Ana and Zak get thrown together at a Sci-Fi convention frantically searching for Ana's brother, and getting into some trouble themselves. I won't go into all of the details, except to say this convention is Zak's life, and Ana is the captain of the debate team who only cares about things she can put on her college application.
The Improbable Theory of Ana and Zak is also silly. The situations Ana and Zak get into are not very likely. I'm not saying this isn't an entertaining book, because it totally is. But I'm just giving you a heads up about what you are getting into.
The Improbable Theory of Ana and Zak has been compared to Nick and Norah and Statistical Probability and I think that's fair -- except I found both of those books more romantic and less silly. There are not many swooney moments, and the romance doesn't really happen until the very end.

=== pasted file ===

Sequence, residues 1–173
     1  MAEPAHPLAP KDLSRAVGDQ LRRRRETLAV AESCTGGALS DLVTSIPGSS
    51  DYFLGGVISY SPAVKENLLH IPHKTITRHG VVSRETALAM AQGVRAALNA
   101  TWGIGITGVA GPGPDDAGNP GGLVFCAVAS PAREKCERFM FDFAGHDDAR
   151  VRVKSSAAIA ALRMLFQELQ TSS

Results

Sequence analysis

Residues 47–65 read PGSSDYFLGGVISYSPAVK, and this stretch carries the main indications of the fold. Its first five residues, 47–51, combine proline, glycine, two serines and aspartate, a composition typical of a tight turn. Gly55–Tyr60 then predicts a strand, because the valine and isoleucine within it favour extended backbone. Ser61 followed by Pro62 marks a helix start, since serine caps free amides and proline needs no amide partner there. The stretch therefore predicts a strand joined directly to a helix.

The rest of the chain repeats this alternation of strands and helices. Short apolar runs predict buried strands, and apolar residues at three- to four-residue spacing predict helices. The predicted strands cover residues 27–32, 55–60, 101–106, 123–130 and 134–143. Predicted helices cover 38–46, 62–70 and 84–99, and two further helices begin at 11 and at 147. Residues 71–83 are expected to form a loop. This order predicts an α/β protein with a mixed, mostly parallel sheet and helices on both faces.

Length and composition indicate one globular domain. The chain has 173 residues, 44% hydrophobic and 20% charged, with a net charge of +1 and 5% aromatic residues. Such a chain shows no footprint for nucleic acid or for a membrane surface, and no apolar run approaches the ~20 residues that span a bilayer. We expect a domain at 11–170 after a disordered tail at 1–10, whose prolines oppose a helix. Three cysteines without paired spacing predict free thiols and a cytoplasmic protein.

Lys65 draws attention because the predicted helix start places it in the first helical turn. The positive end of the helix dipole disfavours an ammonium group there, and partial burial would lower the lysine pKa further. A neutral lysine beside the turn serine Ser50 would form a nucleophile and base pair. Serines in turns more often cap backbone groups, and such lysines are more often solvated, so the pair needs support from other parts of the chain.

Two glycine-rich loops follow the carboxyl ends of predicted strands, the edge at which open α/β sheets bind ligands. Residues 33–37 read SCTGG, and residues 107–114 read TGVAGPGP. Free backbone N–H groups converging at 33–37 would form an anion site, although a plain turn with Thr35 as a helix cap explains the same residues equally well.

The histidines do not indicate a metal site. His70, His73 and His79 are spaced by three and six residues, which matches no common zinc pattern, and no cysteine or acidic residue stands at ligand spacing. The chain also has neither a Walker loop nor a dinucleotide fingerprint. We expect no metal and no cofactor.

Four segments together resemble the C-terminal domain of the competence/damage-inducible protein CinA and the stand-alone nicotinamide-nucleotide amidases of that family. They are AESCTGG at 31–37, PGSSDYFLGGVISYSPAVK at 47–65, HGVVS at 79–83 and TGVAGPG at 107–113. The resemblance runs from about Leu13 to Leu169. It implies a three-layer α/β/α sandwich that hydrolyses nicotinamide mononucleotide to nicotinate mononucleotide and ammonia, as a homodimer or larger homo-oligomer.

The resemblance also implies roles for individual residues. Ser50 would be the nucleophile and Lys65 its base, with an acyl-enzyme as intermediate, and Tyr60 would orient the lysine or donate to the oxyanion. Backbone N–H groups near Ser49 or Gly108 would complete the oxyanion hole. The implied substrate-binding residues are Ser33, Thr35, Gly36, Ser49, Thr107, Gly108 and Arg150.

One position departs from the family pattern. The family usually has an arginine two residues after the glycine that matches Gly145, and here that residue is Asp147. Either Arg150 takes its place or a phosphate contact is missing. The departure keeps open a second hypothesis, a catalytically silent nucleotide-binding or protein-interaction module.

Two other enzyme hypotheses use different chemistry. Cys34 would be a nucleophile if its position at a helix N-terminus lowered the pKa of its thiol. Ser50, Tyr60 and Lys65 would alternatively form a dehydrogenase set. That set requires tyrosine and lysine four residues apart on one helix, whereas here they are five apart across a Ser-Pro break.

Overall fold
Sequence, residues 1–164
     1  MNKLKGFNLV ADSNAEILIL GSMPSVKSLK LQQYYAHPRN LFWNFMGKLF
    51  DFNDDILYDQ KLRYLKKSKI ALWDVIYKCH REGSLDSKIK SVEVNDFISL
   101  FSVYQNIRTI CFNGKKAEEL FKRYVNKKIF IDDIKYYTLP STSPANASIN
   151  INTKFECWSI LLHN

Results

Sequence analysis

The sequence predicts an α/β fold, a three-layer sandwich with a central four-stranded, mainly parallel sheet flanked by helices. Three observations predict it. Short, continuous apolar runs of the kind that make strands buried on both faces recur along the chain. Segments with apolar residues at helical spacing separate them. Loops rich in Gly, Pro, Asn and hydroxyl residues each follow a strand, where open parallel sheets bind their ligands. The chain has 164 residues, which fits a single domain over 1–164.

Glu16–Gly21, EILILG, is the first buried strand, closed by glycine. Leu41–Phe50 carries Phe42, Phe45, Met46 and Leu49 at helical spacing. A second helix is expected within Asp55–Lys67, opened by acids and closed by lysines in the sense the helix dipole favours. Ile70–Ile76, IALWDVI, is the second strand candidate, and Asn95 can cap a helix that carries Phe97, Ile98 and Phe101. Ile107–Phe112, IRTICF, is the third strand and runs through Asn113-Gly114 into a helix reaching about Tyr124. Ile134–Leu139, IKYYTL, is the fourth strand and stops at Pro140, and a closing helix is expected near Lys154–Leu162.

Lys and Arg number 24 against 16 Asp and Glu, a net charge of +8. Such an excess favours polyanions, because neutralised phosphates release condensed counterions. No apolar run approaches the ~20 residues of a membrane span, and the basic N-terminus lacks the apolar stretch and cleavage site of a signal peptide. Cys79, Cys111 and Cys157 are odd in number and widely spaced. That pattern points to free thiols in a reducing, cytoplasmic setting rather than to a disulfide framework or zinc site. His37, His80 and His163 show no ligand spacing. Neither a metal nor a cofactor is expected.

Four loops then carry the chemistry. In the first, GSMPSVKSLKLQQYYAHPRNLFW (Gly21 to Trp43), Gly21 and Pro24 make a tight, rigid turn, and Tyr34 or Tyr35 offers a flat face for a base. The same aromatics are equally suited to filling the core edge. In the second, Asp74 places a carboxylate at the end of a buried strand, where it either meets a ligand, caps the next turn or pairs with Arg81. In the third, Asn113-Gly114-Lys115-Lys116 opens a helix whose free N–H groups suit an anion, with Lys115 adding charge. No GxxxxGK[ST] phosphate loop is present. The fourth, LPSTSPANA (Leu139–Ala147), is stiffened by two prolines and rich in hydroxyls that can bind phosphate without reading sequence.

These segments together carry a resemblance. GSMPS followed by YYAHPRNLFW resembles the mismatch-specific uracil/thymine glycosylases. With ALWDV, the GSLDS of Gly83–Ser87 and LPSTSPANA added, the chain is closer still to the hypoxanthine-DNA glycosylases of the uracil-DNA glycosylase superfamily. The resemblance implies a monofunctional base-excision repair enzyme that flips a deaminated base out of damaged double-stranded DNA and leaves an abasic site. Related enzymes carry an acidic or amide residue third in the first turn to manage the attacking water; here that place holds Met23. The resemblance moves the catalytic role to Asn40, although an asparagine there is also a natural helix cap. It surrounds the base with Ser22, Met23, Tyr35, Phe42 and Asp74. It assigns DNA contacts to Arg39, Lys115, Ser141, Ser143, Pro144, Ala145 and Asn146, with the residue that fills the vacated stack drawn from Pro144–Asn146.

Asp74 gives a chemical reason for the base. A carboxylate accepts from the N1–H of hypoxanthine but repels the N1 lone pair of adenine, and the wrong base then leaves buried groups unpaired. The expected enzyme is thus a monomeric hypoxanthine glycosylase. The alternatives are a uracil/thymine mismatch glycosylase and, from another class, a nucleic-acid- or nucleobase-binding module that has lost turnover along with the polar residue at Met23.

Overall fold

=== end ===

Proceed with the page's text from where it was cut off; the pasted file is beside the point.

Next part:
The side characters are all pretty superficial. Ana's family is definitely strict -- both parents so controlling that it is unhealthy, which is an interesting side story that isn't fully explored. Zak's issue is his stepfather, and that one has more of a satisfying resolution.
The book is engaging and quick. It made me laugh (and roll my eyes.) This isn't a book that will stick with me for long, but I would definitely recommend The Improbable Theory of Ana and Zak to teens who enjoy these cute stories about unlikely romances.
Published by Katherine Tegen, May 19, 2015
eARC obtained from Edelweiss
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